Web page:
In the 1970s, Iceland claimed to have been suffering from “colonial exploitation” in a bid to win the support of African and Asian nations during their bitter fisheries feud with the UK known as Cod Wars, the Express reported, citing documents from the National Archives.
According to the unearthed documents, in 1972, an Icelandic observer attended a meeting of the Scientific Council of the Organisation for African Unity in Ibada, Nigeria in an attempt to win solidarity and support for their view of the decades-long fisheries dispute with the UK.
As one British official wrote, according to the Express: “They have been representing that they are now suffering from much the same type of ‘colonial exploitation’ which claims that the countries of Africa and Asia have suffered in the past”, adding that the Icelanders “seem to have a measure of success”.
To counter the Icelandic lobbying, the UK sent envoys of its own, but they encountered a steep uphill battle, as Iceland's “colonial” argument reportedly hit home with African and Asian countries.
One British official reportedly wrote: “We realise that, in general, African and Asian countries tend to be sympathetic toward the ideas that the Icelanders are advocating. <...> We therefore recognise that a statement of our side of the case may not be particularly well-received”, citing “the Ivory Coast, Ghana, and Zaire” as nations inclined to a more moderate point of view.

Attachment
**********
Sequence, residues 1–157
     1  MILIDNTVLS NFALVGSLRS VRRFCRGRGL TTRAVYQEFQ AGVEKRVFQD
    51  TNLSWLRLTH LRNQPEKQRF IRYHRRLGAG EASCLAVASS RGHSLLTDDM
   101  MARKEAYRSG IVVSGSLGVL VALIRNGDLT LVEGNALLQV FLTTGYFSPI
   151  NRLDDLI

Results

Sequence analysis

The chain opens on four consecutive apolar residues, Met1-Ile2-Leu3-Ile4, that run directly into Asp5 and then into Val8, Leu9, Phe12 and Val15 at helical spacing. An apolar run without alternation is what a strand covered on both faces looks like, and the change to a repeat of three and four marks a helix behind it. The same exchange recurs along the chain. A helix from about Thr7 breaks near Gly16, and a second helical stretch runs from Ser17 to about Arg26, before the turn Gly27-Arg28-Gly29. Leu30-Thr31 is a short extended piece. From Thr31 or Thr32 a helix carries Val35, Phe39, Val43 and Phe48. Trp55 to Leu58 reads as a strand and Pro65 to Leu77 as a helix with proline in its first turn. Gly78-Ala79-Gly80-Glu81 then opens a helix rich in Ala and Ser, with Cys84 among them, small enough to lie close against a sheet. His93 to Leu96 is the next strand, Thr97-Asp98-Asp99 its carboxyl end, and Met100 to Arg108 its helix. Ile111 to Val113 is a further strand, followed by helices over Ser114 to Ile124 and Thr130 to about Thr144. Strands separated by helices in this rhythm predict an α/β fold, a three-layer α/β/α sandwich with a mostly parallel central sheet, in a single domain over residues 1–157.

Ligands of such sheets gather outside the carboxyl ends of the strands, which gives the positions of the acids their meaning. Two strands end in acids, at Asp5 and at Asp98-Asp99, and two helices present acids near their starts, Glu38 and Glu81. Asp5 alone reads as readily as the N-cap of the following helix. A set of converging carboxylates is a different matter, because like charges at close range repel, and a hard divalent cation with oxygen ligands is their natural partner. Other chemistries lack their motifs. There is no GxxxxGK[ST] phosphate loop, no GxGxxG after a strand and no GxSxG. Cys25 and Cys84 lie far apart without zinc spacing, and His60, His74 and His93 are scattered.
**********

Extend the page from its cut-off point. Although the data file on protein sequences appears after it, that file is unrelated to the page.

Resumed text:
In conclusion, the diplomat reportedly wrote: “It has to be recognised that less-developed countries tend to maintain that, for historical reasons, the cards in the pack of international law have been stacked against them by the major maritime powers”.
The Cod Wars were a series of diplomatic run-ins between the UK and Iceland on fishing rights in the north Atlantic, starting in 1958 and finishing in 1976.
The First Cod War started when Iceland declared a four-mile zone around its shores, but the UK hit back with a ban on the import of Icelandic-caught fish. In return, Iceland expanded its zone to 12 miles and banned foreign fleets from fishing in these waters at all, to which the UK replied by sending Royal Navy frigates to accompany its vessels.
The Second Cod War was sparked by Iceland's plans to expand its zone once again, to 50 miles. A few years later, invigorated by its success, Iceland extended the limits further, this time to 200 miles, triggering the Third Cod war.
The Cod Wars ultimately came to an end when NATO stepped in to help resolve the issue. Some see the agreement as highly favourable to the tiny 330,000-strong nation, which was a key ally of NATO during the Cold War-era. Following the 2016 Brexit referendum, there have been fears that the UK wresting back control of its waters may trigger the fisheries feud anew.
According to the Fisheries Department of the Food and Agriculture Organisation (FAO), Icelandic marine fishery landings account for 1.7 percent of the world’s catches, making Iceland the 15th largest fishing nation in the world. The industry is key to the Icelandic economy, occupying 6.5 percent of the workforce.